By Chris Lang
A new report by Amnesty International documents a series of forced evictions of the Indigenous Benet people from their ancestral lands in Mount Elgon, Uganda.
The National Forest Authority first evicted the Benet in 1983. At that time Mount Elgon was a forest reserve. In 1993, the Ugandan government declared Mount Elgon a national park. More evictions followed, at the hand of the Uganda Wildlife Authority.
In 2008, the Uganda Wildlife Authority forcefully evicted about 200 Benet families. The Uganda Wildlife Authority claimed the Benet were living inside the national park despite the fact that the government had allocated the land to them after previous evictions.
13 years in limbo
Well over a decade later, the Benet are still facing impacts from the evictions and are still at risk of violence at the hands of forest rangers.
Amnesty International’s report is titled “13 Years in Limbo: Forced Evictions of the Benet in the Name of Conservation”. The report is based on interviews with 61 of the Benet who were evicted. Amnesty International documents the impacts of forced evictions in the name of conservation, including their right to health, adequate housing, and education.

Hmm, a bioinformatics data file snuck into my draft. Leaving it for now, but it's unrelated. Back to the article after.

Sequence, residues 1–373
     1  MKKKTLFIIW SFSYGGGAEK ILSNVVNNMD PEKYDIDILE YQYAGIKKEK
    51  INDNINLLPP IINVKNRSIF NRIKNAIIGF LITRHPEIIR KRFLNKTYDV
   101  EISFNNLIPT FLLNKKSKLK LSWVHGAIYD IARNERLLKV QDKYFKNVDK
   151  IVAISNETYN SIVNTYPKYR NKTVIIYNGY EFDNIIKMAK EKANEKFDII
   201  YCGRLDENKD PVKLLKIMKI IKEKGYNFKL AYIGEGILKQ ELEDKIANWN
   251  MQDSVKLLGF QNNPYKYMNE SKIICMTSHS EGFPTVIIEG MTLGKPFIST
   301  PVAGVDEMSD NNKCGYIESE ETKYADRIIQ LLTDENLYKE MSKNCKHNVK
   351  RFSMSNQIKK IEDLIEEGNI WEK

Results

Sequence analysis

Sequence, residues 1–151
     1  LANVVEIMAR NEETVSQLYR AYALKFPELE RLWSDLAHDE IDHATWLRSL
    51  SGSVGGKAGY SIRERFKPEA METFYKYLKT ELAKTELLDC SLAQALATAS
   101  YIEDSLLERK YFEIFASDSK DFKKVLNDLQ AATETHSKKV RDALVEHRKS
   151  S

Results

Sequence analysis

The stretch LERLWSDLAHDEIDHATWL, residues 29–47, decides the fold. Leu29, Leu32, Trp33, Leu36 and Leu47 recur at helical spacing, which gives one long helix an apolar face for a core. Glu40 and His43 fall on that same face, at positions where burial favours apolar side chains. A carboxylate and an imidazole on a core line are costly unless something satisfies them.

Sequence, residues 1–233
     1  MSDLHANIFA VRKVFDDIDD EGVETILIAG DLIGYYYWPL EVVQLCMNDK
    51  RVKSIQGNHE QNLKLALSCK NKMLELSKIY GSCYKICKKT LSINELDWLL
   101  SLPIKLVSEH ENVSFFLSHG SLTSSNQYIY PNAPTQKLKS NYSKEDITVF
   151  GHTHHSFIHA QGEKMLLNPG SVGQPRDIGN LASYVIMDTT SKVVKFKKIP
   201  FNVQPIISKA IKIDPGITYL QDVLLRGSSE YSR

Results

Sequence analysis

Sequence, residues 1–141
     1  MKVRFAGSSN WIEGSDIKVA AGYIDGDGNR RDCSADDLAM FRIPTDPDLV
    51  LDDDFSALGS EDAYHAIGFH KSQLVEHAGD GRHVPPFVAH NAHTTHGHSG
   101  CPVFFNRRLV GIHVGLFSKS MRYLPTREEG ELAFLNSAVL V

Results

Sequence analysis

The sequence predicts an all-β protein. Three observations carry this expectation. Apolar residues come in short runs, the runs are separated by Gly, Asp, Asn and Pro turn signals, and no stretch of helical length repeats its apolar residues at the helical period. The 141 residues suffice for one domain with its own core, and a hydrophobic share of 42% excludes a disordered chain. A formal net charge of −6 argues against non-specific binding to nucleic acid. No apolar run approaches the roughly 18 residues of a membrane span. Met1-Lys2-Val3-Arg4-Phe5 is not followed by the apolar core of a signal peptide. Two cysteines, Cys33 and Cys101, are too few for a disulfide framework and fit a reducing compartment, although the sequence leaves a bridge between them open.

In a press release, Deprose Muchena, Amnesty International’s Regional Director for East and Southern Africa, said,
“Not only were the Benet violently evicted from the forest and robbed of their ancestral home but today, 13 years later, they are still living in temporary settlements made of flimsy huts of mud and stick, deprived of essential services such as clean drinking water and electricity and cut off from healthcare and education.”
The Benet accuse the Uganda Wildlife Authority of killings, unlawful use of force and firearms, including shootings, beatings, torture, and cruel, inhuman and degrading treatment. Amnesty International points out that this includes crimes under international law.
In 2006, I co-wrote a report for World Rainforest Movement about a tree planting offset project in the Mount Elgon National Park. The project was set up by a Dutch organisation called the FACE Foundation (since renamed as Face the Future). Villagers living near the park border told of a series of forced evictions and brutal treatment at the hands of UWA’s rangers